After getting a masters, then try to get a job in a lab that you like (one of those original profs who left your school, for example). You may have to be a hybrid lab manager/technician/researcher type, but if you have skills and interest in the material, most PIs will give you a project to investigate to do alongside your more administrative tasks. Then, if you like the lab environment and the work and decide you want to dip back into the grad student lifestyle, that same PI may well be willing to take you on as a student, considering that he or she is already familiar (and hopefully impressed) with you.

Academia is never the shiny beacon that people think it is, and those of us on the inside are often more jaded about it than anyone. I'd be wary of your 85% number, the grass is always greener, after all. Try to leave yourself with as many options as possible until you're sure of the path you want to take.
posted by dnesan at 9:20 PM on June 13, 2012


Thanks for the responses. The consensus here seems to be what I was leaning towards (master out and look for a research assistant job in another lab, and/or transition to industry). I used to think about getting into another lab, but there's not much else in my department, and if I switched departments I'd have to re-take coursework as well. AskMe has been such a huge help - when I've discussed parts of my question with my graduate program advisor, my research advisor, and other graduate students, it was like an echo chamber - if you leave, you're a Quitter, just stick it out.

My research advisor's track record is not good - multiple students mastered out after a couple years in the past (she maintains that they were just incompetent and it was not her fault - this is probably what she'll say about me when I leave), a couple students stayed for >6 years before leaving to get jobs (years later she had them "defend" dissertations - a kangaroo trial, basically - to get her number of graduated students up), and current students ahead of me are not doing well either. I didn't realize when I started how bad it was when I first joined the lab - she was very convincing that I would get to do stuff I was interested in and that I would enjoy the work, but I realize now that she is just a shmoozer - it's her job to convince people of things like that.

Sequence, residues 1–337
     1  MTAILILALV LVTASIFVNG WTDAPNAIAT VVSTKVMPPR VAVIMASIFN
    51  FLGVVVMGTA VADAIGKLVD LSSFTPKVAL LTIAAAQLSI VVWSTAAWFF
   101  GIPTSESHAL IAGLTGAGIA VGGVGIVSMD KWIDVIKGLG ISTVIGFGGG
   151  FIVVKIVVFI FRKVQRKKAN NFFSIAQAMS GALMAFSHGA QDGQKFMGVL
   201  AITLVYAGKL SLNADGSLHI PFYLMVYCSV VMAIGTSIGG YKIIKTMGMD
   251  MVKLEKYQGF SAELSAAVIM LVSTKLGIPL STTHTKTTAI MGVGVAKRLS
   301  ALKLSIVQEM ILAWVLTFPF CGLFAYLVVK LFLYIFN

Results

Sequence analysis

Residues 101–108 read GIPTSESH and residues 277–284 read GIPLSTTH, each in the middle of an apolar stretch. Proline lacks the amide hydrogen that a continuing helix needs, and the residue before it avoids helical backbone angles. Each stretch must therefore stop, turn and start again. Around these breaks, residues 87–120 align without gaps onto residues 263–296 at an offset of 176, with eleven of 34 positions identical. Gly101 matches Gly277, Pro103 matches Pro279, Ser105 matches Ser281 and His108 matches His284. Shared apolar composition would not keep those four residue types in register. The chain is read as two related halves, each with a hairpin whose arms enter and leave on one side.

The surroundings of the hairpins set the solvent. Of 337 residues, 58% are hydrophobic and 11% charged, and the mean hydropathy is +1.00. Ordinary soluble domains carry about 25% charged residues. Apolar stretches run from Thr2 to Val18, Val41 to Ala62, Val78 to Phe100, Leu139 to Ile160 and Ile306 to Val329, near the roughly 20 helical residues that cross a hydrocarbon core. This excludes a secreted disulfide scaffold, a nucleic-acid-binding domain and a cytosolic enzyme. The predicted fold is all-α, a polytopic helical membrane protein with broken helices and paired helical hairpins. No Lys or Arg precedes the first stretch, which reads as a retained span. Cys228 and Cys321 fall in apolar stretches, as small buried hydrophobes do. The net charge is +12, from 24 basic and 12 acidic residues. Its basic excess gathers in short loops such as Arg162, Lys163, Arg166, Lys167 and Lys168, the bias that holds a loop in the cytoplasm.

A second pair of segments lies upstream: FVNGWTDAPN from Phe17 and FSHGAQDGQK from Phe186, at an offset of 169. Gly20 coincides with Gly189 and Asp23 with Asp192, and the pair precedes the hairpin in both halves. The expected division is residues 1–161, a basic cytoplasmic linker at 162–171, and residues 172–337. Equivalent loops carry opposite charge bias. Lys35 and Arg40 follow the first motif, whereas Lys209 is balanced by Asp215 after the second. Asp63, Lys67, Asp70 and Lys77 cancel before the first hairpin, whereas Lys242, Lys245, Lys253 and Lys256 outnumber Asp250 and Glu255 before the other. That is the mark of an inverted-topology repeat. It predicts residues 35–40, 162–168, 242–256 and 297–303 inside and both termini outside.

Re: number of hours worked, I agree that 40 hours is definitely on the low side, especially for bio work. My constraint is that I need cells to do experiments, and the cells die a lot, so then I can't run experiments that I've planned and have to find something else to do while I wait for them to grow again. I don't mind working long hours when I actually have something to work on.

I think the moral of the story is make sure you understand the lab you're getting into... preferably get the current grad students drunk and find out the hard truth about the research and your advisor before you join. That would have saved me a lot of trouble.
posted by permiechickie at 7:43 AM on June 14, 2012


I used to think about getting into another lab, but there's not much else in my department, and if I switched departments I'd have to re-take coursework as well.

Another possible option is to work in a lab in another department, doing research in that lab with the new supervisor while technically remaining a member of your current department. That way you get the benefit of another advisor in a different department without having to do all the additional coursework that switching departments would entail.
posted by deanc at 4:41 PM on June 14, 2012